The horsemeat scandal, alone amongst food scares, is not about health. Why the hell is it so huge?

Martha Gill's Irrational Animals column.

Over the weekend I caught up with an American cousin. His questions started out friendly enough, but when I confessed that I was “still a journalist”, they took a turn for the patronising. “I’ve been in England two weeks now and every time I switch on the news it’s just horse meat, horse meat, horse meat,” he said. “Does nothing happen in this country?”

Nothing does, but even I can see that our media’s horsemeat content is nigh on indigestible at the moment. The industry reaction has been huge too. Tesco has dropped €360m in market value. European leaders have called emergency meetings in Brussels. Now, large-scale (in other words, extremely expensive) DNA testing is being talked about.

What makes the scale of this food scare particularly odd is that it isn’t even a health scare. All our previous food scares have been: BSE, salmonella, listeria. This one is mostly about surprise. Looks like beef, tastes like beef, sold as beef, actually horse(!) (Let’s ignore the murmurings about bute, by the way, the horse analgesic that “may” have entered the food chain. Even if treated horses had ended up in some burgers the estimated dose would be too low to have any effects, and as the drug is used therapeutically in human beings anyway, the effects would be fairly innocuous.)

No: the scale of the reaction here, I’d argue, is all about BSE – another food scandal involving dangerous cost-cutting, regulatory failures and beef - but that time with fatal consequences. An important difference, you might think - yet almost every comment piece on the recent scandal has linked the two. Google “BSE horsemeat”, for example, and you get 182,000 results. BSE is Horsegate’s nearest relation and the scale of that crisis is dictating this one.

Our mistake here is an example of “anchoring”, taking an early piece of information and leaning on it too heavily as a reference point. We’re all vulnerable to the error. Here's how it works: ask someone the following two questions:

1)Was Gandhi more or less than 144 years old when he died?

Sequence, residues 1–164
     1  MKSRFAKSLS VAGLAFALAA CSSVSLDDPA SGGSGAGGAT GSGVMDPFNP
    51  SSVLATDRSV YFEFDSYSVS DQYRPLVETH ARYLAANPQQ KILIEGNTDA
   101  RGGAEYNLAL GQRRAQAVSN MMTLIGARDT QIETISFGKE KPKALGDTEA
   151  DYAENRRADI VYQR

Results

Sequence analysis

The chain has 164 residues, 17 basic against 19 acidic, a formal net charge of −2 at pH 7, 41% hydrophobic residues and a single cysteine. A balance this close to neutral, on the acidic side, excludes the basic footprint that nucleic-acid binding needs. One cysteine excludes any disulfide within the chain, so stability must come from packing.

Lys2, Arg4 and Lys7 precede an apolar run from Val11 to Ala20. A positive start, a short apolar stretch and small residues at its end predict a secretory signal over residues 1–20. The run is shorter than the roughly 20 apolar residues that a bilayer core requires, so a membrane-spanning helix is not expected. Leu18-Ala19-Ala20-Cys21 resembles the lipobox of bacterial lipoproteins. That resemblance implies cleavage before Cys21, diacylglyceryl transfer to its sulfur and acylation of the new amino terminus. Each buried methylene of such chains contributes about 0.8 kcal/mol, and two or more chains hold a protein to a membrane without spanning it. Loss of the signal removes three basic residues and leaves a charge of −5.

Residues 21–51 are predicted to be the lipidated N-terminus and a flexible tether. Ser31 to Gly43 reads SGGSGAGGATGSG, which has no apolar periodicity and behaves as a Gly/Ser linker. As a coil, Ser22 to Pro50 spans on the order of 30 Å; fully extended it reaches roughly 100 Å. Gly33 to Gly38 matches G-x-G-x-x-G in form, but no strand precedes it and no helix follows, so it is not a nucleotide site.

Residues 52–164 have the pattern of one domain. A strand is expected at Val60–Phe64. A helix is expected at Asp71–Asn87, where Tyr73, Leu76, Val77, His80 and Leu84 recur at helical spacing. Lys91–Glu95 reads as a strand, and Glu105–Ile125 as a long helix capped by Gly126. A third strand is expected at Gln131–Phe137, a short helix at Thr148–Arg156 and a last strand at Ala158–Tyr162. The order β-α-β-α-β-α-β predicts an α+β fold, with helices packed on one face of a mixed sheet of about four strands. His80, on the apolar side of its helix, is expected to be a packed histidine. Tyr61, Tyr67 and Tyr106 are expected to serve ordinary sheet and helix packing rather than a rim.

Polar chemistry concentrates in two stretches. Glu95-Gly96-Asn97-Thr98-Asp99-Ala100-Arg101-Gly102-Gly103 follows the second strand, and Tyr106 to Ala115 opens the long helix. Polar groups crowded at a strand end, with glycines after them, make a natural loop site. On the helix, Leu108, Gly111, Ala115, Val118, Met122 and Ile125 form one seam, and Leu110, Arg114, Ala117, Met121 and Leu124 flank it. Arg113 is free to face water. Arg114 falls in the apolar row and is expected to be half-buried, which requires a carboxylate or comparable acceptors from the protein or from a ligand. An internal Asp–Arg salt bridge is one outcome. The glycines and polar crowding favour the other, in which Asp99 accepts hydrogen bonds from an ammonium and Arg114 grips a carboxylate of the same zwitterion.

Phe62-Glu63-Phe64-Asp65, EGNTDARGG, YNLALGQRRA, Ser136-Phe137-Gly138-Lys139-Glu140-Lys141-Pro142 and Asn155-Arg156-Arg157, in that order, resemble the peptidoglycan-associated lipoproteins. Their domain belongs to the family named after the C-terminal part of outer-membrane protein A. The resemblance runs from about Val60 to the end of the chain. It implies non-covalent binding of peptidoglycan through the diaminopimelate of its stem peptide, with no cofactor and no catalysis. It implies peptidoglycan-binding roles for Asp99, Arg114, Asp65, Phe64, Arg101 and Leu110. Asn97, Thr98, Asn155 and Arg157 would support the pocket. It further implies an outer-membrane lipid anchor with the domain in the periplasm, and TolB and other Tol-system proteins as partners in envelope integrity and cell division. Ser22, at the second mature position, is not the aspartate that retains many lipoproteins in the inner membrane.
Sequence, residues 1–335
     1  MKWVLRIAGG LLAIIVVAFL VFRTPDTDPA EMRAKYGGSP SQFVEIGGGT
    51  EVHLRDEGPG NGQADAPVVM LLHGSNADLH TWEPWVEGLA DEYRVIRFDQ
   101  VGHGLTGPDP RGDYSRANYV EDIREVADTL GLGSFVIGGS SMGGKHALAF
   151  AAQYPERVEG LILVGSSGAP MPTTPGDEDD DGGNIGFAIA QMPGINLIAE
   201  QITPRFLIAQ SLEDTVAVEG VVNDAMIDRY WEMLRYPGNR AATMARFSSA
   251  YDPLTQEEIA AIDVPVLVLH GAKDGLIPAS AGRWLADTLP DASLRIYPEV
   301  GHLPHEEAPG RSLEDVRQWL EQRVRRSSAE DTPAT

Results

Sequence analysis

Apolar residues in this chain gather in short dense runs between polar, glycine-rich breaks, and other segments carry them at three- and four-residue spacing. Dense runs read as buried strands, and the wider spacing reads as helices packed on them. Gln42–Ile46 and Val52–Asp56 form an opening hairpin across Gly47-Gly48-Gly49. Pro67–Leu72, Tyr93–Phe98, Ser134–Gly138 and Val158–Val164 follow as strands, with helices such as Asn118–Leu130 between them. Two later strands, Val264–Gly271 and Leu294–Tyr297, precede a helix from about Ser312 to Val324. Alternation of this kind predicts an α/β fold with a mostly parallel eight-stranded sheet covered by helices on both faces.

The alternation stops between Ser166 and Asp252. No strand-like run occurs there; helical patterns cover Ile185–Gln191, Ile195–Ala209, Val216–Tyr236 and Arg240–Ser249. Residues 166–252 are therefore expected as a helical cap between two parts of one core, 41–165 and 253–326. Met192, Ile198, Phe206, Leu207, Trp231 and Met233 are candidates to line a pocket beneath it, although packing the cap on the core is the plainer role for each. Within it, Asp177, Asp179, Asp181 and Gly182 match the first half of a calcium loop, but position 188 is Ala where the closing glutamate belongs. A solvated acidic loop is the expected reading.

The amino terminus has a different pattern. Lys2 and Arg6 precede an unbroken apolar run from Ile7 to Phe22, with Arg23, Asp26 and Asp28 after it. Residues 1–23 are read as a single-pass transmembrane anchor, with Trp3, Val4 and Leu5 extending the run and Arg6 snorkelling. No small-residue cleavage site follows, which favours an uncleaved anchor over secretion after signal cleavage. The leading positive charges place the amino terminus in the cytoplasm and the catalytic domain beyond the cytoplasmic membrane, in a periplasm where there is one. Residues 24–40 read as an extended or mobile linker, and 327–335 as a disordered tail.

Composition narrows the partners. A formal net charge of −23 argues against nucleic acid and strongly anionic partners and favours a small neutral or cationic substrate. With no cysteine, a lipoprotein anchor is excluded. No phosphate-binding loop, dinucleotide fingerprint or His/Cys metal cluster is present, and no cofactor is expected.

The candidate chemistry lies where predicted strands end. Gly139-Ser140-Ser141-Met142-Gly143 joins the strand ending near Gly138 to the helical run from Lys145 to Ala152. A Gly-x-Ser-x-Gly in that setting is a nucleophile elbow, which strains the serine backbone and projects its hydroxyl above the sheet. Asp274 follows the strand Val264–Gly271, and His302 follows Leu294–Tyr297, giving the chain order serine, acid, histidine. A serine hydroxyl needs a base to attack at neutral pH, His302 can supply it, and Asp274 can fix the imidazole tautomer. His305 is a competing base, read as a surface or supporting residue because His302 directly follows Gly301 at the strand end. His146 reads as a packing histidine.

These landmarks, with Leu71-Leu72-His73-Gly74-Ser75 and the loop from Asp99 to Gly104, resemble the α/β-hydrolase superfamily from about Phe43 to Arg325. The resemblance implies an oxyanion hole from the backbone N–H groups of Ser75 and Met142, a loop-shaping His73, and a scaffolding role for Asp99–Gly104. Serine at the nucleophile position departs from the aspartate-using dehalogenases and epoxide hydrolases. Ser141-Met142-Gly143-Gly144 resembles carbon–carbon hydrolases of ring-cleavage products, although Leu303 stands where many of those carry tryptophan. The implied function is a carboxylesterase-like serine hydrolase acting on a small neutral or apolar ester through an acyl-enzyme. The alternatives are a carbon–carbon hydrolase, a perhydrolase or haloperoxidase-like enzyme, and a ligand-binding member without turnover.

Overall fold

2)How old was Gandhi when he died?

..and now ask someone else these questions:

1)Was Gandhi more or less than nine years old when he died?

2)How old was Gandhi when he died?

Absurd as the two openers are, they will still affect the answers you get. In group testing, the first questions had Gandhi die at an average age of 50 and the second at an average age of 67.

The trick is simple and effective but can also be dangerous, and when reacting to a developing crisis we are particularly susceptible, as with limited information available we cling all the harder to what we have.

In July 2011, when a bomb went off in Oslo, the world’s media instantly assumed that it was a work of jihadist terror, before the real identity of the perpetrator – the far-right extremist Anders Behring Breivik –was revealed. Nearly a year later, when a killer went on the rampage in France, the same media outlets pointed the finger at the far right until they discovered the murderer was an Islamist named Mohamed Merah.

We can’t avoid such mistakes entirely, but we can deal with them if we know they can happen. As panic starts to die down, we must reassess our evidence and start to piece together the real story.

Horsemeat: less about health than surprise. Photograph: Getty Images

Martha Gill writes the weekly Irrational Animals column. You can follow her on Twitter here: @Martha_Gill.

This article first appeared in the 25 February 2013 issue of the New Statesman, The cheap food delusion

Photo: Getty
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Forget planning for no deal. The government isn't really planning for Brexit at all

The British government is simply not in a position to handle life after the EU.